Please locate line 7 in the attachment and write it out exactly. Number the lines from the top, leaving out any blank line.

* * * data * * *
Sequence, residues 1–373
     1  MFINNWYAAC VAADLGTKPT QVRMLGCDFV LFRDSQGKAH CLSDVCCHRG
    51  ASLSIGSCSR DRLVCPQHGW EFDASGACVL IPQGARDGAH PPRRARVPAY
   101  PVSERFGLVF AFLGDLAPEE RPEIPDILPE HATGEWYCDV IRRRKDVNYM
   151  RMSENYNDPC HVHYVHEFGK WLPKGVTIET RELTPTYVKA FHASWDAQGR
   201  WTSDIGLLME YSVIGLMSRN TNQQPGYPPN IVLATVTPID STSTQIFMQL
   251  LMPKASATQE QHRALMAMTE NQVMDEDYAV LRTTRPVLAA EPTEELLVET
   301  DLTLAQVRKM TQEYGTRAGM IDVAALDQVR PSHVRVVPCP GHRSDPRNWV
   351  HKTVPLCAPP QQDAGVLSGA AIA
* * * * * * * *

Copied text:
   251  LMPKASATQE QHRALMAMTE NQVMDEDYAV LRTTRPVLAA EPTEELLVET